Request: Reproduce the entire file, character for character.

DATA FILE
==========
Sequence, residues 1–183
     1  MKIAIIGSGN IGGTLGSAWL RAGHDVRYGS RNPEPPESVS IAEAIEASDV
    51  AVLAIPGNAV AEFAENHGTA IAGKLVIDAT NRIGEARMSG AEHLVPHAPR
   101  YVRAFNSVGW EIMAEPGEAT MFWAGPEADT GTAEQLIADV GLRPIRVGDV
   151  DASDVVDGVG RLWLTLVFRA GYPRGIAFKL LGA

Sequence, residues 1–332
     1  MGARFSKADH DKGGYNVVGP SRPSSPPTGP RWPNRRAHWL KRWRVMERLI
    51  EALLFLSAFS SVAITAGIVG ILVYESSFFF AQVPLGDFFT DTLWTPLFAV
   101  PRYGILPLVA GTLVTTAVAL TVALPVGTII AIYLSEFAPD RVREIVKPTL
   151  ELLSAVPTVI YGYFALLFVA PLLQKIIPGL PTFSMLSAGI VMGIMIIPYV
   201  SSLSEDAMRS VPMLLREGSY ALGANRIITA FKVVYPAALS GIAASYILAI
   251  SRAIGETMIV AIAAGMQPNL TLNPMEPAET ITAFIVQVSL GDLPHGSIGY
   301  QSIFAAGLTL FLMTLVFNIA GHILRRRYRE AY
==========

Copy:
Sequence, residues 1–183
     1  MKIAIIGSGN IGGTLGSAWL RAGHDVRYGS RNPEPPESVS IAEAIEASDV
    51  AVLAIPGNAV AEFAENHGTA IAGKLVIDAT NRIGEARMSG AEHLVPHAPR
   101  YVRAFNSVGW EIMAEPGEAT MFWAGPEADT GTAEQLIADV GLRPIRVGDV
   151  DASDVVDGVG RLWLTLVFRA GYPRGIAFKL LGA

Sequence, residues 1–332
     1  MGARFSKADH DKGGYNVVGP SRPSSPPTGP RWPNRRAHWL KRWRVMERLI
    51  EALLFLSAFS SVAITAGIVG ILVYESSFFF AQVPLGDFFT DTLWTPLFAV
   101  PRYGILPLVA GTLVTTAVAL TVALPVGTII AIYLSEFAPD RVREIVKPTL
   151  ELLSAVPTVI YGYFALLFVA PLLQKIIPGL PTFSMLSAGI VMGIMIIPYV
   201  SSLSEDAMRS VPMLLREGSY ALGANRIITA FKVVYPAALS GIAASYILAI
   251  SRAIGETMIV AIAAGMQPNL TLNPMEPAET ITAFIVQVSL GDLPHGSIGY
   301  QSIFAAGLTL FLMTLVFNIA GHILRRRYRE AY